Teesta Water Accord: Expectations for Indo-Bangladesh Water Diplomacy

25 Feb, 2013    ·   3825

Roomana Hukil discusses the impelling factors that provide rationale to the countries’ positions on the issue

Roomana Hukil
Roomana Hukil
Research Officer

Recent talks of optimism over the Teesta accord by Indian Foreign Secretary, Ranjan Mathai and Minister of External Affairs, Salman Khurshid have defused a striking political assertion of bringing a cut to the impending decade-long water deal between both countries. With the cross-border exchange of premier visits nearing this year, a greater expectation garners public attention and raises the question of the underlying profound inadequacies. As technical data on the Dalia and Gazaldoba barrages on the Teesta River is presently examined in Kolkata, this article highlights the palpable expectations of both countries in regard to the Teesta water sharing arrangement. It simultaneously draws attention to the propelling shortfalls that surface as major bottlenecks in addressing these concerns given the histological accounts. What do the Indo-Bangla governments anticipate from each other in terms of sanctioning the Teesta river agreement? What are the impelling factors that provide rationale to their core essential position on the issue?

In view of boosting its agricultural production and providing protection to the 21 million people who live along the river basin, Bangladesh expects an equitable 50 percent distribution of the remainder 25 percent portion with India over the Teesta River. Failing to fulfil this proportionate requirement, the recipients along the river basin will be worse affected. More so, the Dalia barrage that was constructed along the Teesta River, in an attempt to revive cultivable land during the dry season, has been adversely impinged upon. This is due to the erroneous construction of the Gazaldoba barrage by the upper riparian state on its part of the Teesta River. Ever since the Dalia barrage project has come to a point of closure, Bangladesh anticipates remedy as against the acute water shortage it faces in the downstream areas during the dry season, primarily the northwest. Amounting to a severe concern as it is amongst the utmost drought prone regions of Bangladesh during the lean season (January-February), the Teesta Barrage Project (TBP) case study suggests that the present flow in the Teesta River is extremely scarce to meet the present irrigation demands, as fluctuations in the river flow affect the provision of water in the TBP area.

Hard Truths
India and Bangladesh share 57 transboundary rivers but only have an agreement for one. Since 1974, Bangladesh has perceived India as having failed to deliver and act upon the promising ‘big brother’ it presupposes in the region. India substantiated the standpoint by violating the clauses of the Ganges Water treaty and supplies excess water during floods and a reduced amount during the dry season, which ultimately triggers draughts. Disagreements over Tipai Mukh dam, Teesta River, and river-linking projects for trade and transit add to the already situated tensions between the two countries.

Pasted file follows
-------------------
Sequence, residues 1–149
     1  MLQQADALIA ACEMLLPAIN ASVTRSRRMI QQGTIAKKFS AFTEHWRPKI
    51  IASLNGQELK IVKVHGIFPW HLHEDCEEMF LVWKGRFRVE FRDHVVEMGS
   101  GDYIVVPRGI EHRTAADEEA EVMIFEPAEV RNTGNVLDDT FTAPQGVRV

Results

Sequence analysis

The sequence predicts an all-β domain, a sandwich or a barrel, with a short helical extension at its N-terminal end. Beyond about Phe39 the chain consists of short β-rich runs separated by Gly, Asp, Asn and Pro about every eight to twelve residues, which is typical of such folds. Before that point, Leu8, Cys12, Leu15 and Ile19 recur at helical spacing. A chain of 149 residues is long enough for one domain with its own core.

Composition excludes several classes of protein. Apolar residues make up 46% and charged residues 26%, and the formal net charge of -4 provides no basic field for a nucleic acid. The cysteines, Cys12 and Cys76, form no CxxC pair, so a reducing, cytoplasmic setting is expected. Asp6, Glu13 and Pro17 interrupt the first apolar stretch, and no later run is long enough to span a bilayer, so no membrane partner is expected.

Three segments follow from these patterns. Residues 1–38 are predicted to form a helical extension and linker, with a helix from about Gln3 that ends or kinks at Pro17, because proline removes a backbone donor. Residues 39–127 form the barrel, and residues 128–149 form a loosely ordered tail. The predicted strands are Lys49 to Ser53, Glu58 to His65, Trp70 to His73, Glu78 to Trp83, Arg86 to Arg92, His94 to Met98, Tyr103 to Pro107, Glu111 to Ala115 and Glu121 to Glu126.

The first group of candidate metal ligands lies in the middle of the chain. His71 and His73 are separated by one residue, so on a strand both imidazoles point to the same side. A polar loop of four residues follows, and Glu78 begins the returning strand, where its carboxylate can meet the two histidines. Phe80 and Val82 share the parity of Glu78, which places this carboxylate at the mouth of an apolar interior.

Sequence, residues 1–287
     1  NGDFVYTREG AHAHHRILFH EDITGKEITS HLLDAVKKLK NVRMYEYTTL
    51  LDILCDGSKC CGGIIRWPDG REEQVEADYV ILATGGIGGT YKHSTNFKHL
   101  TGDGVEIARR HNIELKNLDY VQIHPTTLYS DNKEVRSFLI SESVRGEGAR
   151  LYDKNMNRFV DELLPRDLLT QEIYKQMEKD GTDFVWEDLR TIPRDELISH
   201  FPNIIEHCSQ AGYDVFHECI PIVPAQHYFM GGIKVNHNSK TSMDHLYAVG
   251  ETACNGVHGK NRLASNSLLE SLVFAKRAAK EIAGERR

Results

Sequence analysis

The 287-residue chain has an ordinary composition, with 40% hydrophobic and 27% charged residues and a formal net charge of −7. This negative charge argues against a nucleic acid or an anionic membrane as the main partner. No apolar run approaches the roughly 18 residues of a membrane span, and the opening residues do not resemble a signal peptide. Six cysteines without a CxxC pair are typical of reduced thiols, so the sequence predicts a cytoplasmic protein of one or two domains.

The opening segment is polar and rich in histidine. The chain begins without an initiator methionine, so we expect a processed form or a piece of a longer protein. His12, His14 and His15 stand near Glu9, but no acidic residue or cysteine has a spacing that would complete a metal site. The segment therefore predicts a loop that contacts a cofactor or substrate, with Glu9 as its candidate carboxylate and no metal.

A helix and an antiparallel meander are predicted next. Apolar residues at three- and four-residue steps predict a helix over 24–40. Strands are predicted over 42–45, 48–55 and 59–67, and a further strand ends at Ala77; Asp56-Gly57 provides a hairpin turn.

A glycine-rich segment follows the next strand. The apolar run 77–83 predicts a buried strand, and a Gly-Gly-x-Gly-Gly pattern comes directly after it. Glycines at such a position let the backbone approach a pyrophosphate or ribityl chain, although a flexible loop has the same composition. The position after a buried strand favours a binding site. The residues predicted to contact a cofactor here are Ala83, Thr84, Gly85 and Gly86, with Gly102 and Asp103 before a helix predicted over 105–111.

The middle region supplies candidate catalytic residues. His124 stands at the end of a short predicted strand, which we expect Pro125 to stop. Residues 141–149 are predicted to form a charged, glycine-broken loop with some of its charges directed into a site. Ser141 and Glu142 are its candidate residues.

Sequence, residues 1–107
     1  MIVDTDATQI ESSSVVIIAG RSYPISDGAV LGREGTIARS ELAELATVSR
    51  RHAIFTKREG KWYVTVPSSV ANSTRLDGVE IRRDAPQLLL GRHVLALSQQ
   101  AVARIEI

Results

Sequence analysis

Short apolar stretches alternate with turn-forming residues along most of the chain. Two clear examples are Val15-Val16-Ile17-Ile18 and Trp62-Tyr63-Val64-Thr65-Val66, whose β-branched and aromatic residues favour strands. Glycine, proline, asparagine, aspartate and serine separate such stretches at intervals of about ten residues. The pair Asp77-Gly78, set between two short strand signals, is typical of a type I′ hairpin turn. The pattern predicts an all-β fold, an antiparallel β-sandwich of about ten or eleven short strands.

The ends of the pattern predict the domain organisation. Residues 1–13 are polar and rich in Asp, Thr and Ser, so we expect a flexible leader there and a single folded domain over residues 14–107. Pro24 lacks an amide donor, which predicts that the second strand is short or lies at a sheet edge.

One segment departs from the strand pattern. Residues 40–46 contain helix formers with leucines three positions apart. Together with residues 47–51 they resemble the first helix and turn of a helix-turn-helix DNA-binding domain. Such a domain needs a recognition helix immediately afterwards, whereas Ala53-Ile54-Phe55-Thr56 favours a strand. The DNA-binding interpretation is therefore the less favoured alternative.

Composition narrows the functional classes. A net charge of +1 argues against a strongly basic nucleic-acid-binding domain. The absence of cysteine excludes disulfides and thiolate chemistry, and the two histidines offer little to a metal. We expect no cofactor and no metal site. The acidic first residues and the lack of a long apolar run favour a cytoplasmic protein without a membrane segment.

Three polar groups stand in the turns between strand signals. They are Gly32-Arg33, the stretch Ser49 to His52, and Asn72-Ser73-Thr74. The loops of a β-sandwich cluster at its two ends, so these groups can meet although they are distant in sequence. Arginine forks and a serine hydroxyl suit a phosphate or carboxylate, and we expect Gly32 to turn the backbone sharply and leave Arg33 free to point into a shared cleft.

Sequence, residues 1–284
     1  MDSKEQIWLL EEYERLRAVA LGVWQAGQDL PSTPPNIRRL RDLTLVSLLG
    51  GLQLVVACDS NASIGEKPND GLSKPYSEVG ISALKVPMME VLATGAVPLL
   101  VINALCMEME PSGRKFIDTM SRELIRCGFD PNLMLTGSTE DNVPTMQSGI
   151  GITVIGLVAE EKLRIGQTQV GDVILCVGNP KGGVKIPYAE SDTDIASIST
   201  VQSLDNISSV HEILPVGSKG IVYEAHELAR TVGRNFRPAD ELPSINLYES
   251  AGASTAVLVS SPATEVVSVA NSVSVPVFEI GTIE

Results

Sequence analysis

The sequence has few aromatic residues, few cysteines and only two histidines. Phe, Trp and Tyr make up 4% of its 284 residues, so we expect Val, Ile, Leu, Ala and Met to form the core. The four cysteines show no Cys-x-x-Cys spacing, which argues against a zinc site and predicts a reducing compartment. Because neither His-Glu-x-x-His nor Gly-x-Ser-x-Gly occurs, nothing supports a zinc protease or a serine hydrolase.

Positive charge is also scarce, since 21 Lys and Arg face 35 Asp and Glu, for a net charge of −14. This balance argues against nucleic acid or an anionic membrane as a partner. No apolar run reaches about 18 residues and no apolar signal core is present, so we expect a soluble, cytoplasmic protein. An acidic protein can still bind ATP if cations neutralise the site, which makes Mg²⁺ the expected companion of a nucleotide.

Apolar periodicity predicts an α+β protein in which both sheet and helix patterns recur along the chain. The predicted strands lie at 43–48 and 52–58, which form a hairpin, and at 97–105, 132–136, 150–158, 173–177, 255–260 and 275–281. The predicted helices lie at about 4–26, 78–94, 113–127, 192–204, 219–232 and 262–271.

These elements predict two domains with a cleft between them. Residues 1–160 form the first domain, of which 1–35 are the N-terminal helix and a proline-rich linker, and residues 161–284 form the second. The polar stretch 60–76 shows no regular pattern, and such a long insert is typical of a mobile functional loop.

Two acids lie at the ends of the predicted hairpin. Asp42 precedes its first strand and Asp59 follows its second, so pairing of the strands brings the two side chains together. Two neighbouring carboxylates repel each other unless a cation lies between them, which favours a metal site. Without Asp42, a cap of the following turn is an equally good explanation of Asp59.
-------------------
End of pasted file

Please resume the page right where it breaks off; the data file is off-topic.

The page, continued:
Post the UPA and All India Trinamool Congress fraction in 2012, a prospect to recover Indo-Bangla relations was sought by putting a wrap to the Teesta accord. The recent Indian parliamentary delegation to Bangladesh asserts the centre’s stance on the issue. On 10 February 2013, Indian Foreign Secretary, Ranjan Mathai pledged conclusive obligation over the Teesta ordeal, “We are unwavering in our commitment to reach a satisfactory conclusion within the shortest possible timeframe”. In addition, optimism was highlighted by the external affairs minister, Salman Khurshid, on sanctioning the deal, "the process was stalled post the prime minister’s visit to Dhaka in September 2011. But this time we are quite keen to sign the Teesta water sharing treaty with Bangladesh at the earliest.”

As is evident, the centre propagates West Bengal’s consensus to instigate national directives. It is exigent to persuade the state government from giving in considering their reports and findings. According to the 2009 Kalyan Rudra report, the state of West Bengal receives less than 40 percent of the available utilisable surface water. More so, the reservoirs only meet 2.44 per cent of the total demand for water (i.e. 5380 X 107 cu.m) in the agricultural sector. West Bengal’s major grief is that the delta which was once described as an area of ‘excess’ water in the colonial document,  now suffers from acute dearth of water during the lean months. From the regional point of view, West Bengal’s uncertainty is justified whether the proposed water sharing ratio will be able to meet the mounting demands of the region. In such a scenario, it is expected that both countries bend to the given situation and recognise that living with low flows in the region is an inevitable aspect.

The Road Ahead
Both Bangladesh and West Bengal recognise that dealing with their regional problems offhand is a significant impetus to allowing the water deal to kick off. West Bengal’s Chief Minister, Mamata Banerjee made it clear at more than one occasion that her concerns hold in the greater interest of t state rather than admitting concern towards strengthening Indo-Bangladeshi ties. “National interests cannot paramount at the stake of West Bengal”, stated the Irrigation and Waterways Minister Rajib Banerjee of West Bengal.

In the wake of fraying Indo-Bangla relations, the signing of the extradition treaty and a liberalised visa agreement does mark an effort towards improving bilateral relations between the two countries. However, at this juncture, it is expedient that Bangladesh continues cooperation till India re-adopts water diplomacy and refrains from acting as the ‘stipulated’ big brother in the region.